The real character actors though are the grey squirrels, deer and raccoons. I think I am able to communicate with the deer very well, and they are smart. Much smarter than I (stupid human) would ever have thought. They seem to understand hand gestures, and can read my intentions. When I accidentally walk where they are headed too, I retreat and signal clearly that I am making way – and I see them respond by waiting rather than jumping away. I see different personalities, and if I occasionally throw an apple to them in the heat of summer (as thirst quenchers), they thank me, clearly.
Grey Squirrels are always a hoot, and I am trying to understand their nervous ticks, hand tremors, tail twitches, and sounds of annoyance. I have learned to mimic their sounds, and am able to get their attention – but I am clearly saying things wrongly, for I am getting looks of disapproval. The occasional raccoon will be happy if there is cat food left outdoors, and will make eye contact with me to make sure I will let them eat.
I have started to rethink matters a bit. These are people, but in different bodies. Am I anthropomorphizing animals? Well, I think most of the time, we are anthropomorphizing humans far too much. Instead, it would help to remind ourselves that everything around us is just as modern, just as advanced from their own genetic perspective as us lowly humans. Sure, a squirrel’s body can look funny, but I am not that sure my own is such a prize either. The squirrel is surely more athletic. And as to cats – I have yet been able to communicate with every cat. They know who they can talk to or not. We have an understanding.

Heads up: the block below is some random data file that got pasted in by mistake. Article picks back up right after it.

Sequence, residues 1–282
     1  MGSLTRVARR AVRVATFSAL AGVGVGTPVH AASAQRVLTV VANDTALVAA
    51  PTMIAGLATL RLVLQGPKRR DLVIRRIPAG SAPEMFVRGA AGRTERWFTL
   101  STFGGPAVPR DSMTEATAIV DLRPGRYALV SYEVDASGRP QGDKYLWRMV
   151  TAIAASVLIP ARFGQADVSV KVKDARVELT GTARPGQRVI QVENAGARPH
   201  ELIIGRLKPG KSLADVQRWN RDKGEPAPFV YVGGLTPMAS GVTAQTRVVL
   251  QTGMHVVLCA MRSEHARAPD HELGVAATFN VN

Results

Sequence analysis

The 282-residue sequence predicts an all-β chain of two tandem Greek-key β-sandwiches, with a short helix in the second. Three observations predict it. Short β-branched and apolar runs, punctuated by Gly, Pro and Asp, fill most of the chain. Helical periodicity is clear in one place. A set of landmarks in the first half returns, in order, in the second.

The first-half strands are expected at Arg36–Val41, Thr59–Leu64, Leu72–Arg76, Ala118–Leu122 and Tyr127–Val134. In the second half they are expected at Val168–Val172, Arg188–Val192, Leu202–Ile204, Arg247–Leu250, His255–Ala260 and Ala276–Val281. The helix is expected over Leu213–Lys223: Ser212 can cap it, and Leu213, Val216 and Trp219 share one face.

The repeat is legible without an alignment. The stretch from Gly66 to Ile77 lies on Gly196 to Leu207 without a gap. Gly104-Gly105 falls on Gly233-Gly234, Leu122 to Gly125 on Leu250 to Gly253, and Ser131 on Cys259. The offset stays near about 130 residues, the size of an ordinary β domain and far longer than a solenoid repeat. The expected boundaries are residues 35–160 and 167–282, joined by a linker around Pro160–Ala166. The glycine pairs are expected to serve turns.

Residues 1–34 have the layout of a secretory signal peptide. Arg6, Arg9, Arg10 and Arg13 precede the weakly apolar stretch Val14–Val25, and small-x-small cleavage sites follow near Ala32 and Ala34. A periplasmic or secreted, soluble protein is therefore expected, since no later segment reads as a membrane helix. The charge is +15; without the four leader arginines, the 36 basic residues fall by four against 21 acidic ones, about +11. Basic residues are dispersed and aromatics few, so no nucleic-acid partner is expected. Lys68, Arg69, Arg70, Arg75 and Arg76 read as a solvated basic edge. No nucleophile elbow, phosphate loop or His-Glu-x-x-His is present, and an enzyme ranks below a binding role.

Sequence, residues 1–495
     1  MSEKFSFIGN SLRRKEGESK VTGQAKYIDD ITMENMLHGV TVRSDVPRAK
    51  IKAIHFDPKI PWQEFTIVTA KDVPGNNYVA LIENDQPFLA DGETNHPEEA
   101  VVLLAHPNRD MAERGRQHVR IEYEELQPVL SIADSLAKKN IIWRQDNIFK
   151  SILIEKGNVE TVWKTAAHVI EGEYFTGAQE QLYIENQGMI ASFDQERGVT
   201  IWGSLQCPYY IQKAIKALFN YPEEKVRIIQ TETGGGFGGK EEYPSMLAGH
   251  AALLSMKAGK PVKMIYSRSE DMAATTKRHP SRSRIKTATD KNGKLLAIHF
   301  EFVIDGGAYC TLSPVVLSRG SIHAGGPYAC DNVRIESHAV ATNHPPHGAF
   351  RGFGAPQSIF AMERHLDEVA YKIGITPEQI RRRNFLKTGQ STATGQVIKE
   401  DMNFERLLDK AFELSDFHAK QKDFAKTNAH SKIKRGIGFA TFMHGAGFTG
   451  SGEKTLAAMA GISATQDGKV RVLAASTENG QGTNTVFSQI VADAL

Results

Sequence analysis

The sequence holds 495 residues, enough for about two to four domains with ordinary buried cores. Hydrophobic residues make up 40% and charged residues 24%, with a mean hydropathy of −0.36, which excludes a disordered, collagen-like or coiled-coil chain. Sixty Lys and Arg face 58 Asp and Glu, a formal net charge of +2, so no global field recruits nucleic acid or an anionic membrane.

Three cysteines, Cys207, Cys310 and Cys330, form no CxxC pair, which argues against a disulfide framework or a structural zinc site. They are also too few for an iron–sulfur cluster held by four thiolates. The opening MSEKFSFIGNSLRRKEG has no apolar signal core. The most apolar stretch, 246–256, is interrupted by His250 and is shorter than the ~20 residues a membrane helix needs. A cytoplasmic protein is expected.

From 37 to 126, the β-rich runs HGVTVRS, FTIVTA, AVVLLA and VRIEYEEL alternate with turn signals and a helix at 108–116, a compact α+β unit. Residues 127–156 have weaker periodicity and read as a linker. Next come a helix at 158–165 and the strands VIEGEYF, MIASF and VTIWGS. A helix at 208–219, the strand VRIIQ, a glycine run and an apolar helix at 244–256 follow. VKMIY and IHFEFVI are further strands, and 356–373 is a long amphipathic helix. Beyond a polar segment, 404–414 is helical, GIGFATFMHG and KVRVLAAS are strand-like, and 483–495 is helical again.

This is not about politics, vegetarianism, or anything like that (I am currently not a vegetarian – I tried it, but it did not work out for me, and I would consider myself more of a flexitarian). This is just about our human tendency to diminish life other than our own, and the prevalent arrogant assumption that we are not like animals, and they are not like us.
When I can look into the eyes of one of those animal people around the house, I see eyes looking at me with an intelligence and with feelings that are very much relatable, as soon as you allow for the possibility. This is not my yard. I am sharing it with others, and have to make sure they are doing well. I cannot save the world, but I can make sure, as much as I can. to at least approach my fellow beings with the dignity and respect they deserve.
Surely, such a perspective is made much easier by a welcome under-abundance of mosquitos and ticks around this area here. And as to voles and the occasional rat, I am counting on the neighborhood cats and raccoons to develop strategies to help me out with the problems caused by those.
Nothing really can be helped by seeing us outside of nature – maybe that can be a learning lesson here for all of us in the pandemic. We need nature around us, and we need to develop community with it and its non-human peoples.